Kate Bishop gets caught in the investigation of a brutal slaying — and discovers a strange ability that could make her the next target. “Fast-paced, riveting, and scary. It will leave the reader breathless”

Preacher’s daughter Catherine Grace escapes her small town — only to discover that the place she left may be exactly where she belongs.

Many readers may be okay with these brief blurbs and get the book anyway (especially if it’s free), but personally, I prefer more information before I spend my money.

SO, why have I tried (unsuccessfully) for a Bookbub ad? I caved because Bookbub has the greatest reach and I'd really like for more readers to find my books. Isn't that the goal of every author?

If I ever get a spot, I'll let you know how it goes.

Sunday, July 15, 2018

Safekeeping by Jessamyn Hope

Safekeeping: A Novel by [Hope, Jessamyn]

Of the many elements that come together in a great novel, we count on the characters to drive the story, to elicit emotions inspiring pity, fear, empathy, and above all love.

In Safekeeping, author Hope delivers. This is not your typical, building a kibbutz story. Rather it is a coming together of a diverse lot of people during the dying days of kibbutz life.

Nothing will be the same as Ziva remembers from her days of founding the kibbutz. Nor will everyone find what they are seeking, but then, isn’t that “real” life? Despite the lack of a “happily ever after ending,” the tale comes to its proper conclusion and there is satisfaction in that.


It’s 1994 and Adam, a drug addict from New York City, arrives at a kibbutz in Israel with a medieval sapphire brooch. To redress a past crime, he must give the priceless heirloom to a woman his grandfather loved when he was a Holocaust refugee on the kibbutz fifty years earlier. But first, he has to track this mystery woman down—a task that proves more complicated than expected.

On the kibbutz Adam joins other lost souls: Ulya, the ambitious and beautiful Soviet émigrée; Farid, the lovelorn Palestinian farmhand; Claudette, the French Canadian Catholic with OCD; Ofir, the Israeli teenager wounded in a bus bombing; and Ziva, the old Socialist Zionist firebrand who founded the kibbutz.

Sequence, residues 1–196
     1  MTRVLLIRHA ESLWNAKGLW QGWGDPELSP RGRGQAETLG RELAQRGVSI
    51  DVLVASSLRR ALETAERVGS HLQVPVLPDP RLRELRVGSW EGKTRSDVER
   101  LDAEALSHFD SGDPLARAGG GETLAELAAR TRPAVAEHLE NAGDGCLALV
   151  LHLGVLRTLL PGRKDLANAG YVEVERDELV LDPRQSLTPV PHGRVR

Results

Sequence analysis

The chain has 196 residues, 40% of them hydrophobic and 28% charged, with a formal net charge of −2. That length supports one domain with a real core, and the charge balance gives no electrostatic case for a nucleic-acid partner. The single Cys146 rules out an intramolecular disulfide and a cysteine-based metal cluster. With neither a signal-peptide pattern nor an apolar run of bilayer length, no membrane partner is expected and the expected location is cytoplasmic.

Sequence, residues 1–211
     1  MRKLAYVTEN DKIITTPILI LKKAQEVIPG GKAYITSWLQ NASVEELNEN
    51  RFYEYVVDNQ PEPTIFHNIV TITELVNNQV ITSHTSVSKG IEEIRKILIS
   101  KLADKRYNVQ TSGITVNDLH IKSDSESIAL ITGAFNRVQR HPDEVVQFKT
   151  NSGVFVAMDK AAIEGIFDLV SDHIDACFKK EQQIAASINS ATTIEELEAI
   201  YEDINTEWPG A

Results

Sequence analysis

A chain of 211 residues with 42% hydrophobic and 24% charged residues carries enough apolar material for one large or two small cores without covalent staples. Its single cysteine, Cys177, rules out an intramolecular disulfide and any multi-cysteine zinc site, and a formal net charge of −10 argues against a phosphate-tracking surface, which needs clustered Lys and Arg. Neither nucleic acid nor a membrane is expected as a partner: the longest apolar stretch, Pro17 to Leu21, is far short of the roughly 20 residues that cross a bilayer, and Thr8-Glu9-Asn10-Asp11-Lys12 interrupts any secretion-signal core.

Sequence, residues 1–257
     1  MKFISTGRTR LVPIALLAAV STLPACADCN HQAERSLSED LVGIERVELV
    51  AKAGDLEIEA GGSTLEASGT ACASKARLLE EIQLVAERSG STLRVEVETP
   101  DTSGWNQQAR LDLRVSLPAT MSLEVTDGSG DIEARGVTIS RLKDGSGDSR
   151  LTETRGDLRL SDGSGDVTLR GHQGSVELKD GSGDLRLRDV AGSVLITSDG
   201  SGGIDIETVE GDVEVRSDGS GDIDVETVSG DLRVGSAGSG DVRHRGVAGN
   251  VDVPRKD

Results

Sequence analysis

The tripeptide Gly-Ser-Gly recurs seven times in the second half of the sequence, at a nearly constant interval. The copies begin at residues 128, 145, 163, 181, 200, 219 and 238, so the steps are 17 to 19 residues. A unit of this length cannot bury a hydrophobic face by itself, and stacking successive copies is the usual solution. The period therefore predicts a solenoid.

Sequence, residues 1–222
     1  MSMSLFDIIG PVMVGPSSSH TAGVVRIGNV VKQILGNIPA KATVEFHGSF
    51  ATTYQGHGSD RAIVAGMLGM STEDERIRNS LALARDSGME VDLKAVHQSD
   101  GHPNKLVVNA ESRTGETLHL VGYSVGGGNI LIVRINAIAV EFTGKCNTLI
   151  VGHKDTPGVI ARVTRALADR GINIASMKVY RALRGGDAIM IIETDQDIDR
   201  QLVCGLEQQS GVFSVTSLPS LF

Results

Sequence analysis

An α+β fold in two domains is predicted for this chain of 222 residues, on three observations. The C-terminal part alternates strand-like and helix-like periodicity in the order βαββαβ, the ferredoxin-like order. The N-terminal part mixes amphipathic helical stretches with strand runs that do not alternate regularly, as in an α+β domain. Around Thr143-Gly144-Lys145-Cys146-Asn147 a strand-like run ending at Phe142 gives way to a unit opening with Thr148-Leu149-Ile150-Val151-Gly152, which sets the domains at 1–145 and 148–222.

Driven together by love, hostility, hope, and fear, their fates become forever entangled as they each get one last shot at redemption.

In the middle of that fateful summer glows the magnificent brooch with its perilous history spanning three continents and seven centuries. With insight and beauty, Safekeeping tackles that most human of questions: How can we expect to find meaning and happiness when we know that nothing lasts?

Sunday, July 8, 2018

Is this what it takes for a bookstore to survive?

I walk in expecting to see books.

Instead I find blankets,

and serving dishes. Yes, I'm going to read while my guests visit.

and this little guy which I was tempted to buy. After all it had a built in screw driver.

I passed by more dishes, ornaments, toss cushions, purses, greeting cards and paper products ( which made some sense in a book store), skin care products and then spotted diapers and wipes. Who can read with a baby in the house?

Well maybe if you plunk them into one of these....

Yes, there were books too. I made it to the till with my choices and ran into these counters.

Oh, and let's not bypass these for that baby.

And these for ourselves on a cold winter's night.

Sunday, July 1, 2018

Happy Canada Day

Proud to be Canadian!

Dan Aykroyd

Martin Short

Mike Myers